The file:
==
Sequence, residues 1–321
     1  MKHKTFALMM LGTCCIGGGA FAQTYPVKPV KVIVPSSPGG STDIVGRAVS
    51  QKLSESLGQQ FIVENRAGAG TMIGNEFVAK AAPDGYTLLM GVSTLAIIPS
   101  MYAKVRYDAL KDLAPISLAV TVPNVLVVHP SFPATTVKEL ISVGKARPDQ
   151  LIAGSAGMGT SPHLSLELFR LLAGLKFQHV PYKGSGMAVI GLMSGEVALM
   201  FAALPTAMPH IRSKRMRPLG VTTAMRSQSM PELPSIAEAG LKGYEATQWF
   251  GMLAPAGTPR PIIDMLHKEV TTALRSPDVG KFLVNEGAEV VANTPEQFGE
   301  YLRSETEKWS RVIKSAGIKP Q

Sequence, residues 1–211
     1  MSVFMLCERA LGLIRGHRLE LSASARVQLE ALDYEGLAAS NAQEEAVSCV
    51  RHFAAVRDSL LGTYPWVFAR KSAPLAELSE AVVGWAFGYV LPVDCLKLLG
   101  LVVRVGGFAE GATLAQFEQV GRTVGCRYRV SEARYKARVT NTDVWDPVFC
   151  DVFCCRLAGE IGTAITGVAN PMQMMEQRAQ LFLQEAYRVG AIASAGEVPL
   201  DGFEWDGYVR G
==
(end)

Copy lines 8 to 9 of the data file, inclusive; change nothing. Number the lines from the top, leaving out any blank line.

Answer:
   301  YLRSETEKWS RVIKSAGIKP Q

Sequence, residues 1–211